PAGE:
Monday, April 7, 2014

Company Social Media Policies and the NLRB's Crack Down on General Language

In a past interview, I suggested the following general guidelines for a company's social media policy:
An employee shall not:
1.     discuss trade secrets or other proprietary information
2.     post defamatory information
3.     harass any individual on the web
4.     write discriminatory content in violation of Title VII
There is a fifth category, but specific guidance must be given to employees if this language is included:
5.  discuss matters which negatively reflect the company.

Click here for Q&A with Perry Binder, J.D., on Employee Participation in Social Media and Blogging
However, the legal landscape has changed with the level of specificity that employers must use in order to draft defensible policies.  Section 7 of the National Labor Relations Act gives employees some latitude in their social media usage if their posts relate to "protected concerted activity."  In English, that means that if a Tweet or Facebook post is an attempt to engage others in complaining about lousy work conditions or wages, then the National Labor Relations Board might step in on behalf of a fired employee - even in an "at will" state.  Specifically, employers cannot rely on blanket statements about inappropriate employee comments on social media (see above: discuss matters which negatively reflect the company), without guiding examples which do not infringe on concerted activity.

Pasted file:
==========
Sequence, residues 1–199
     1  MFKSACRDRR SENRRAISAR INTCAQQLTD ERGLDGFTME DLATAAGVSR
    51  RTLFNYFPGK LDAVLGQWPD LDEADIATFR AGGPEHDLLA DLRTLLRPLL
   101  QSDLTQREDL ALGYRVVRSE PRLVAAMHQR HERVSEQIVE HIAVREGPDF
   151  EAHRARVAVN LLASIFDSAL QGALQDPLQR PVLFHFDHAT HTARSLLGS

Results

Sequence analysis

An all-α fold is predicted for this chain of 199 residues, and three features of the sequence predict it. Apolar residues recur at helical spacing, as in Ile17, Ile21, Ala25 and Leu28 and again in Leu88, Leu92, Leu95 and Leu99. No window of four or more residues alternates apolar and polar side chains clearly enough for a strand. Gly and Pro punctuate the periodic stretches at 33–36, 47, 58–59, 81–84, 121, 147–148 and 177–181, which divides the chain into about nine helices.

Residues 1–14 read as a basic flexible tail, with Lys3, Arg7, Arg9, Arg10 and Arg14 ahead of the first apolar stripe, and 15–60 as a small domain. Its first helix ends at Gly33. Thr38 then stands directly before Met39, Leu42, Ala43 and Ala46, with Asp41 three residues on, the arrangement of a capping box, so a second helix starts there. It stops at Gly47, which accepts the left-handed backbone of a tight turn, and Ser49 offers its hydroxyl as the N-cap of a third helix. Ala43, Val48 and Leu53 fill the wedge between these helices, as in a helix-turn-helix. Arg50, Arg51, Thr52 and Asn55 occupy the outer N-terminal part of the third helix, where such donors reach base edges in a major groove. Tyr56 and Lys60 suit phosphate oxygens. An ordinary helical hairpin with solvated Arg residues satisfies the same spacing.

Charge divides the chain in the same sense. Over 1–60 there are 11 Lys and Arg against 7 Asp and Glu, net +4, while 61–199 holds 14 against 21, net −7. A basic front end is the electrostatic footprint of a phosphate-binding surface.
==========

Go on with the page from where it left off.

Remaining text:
For example, an NLRB administrative law judge recently ruled that the following social media policy violated its employees’ right to discuss the terms and conditions of work online or elsewhere: Employees are prohibited from making disparaging or defamatory comments about EchoStar, its employees, officers, directors, vendors, customers, partners, affiliates, or ... their products/services.  What You Can’t Say in an Employee HandbookHR Executive Online (Oct. 16, 2012).  

That same month, the NLRB held that the following email and technology policy could be reasonably interpreted as a violation of employees’ rights:  Employees should be aware that statements posted electronically (such as online message boards or discussion groups) that damage the Company, defame any individual or damage any person's reputation, or violate the policies outlined in the Costco Employee Agreement, may be subject to discipline, up to and including termination of employment.
Thus, if your company has not examined its social media policy in 2014, it is time for counsel and human resources to carefully reword the document's language, in an effort to harmonize it with recent cases.

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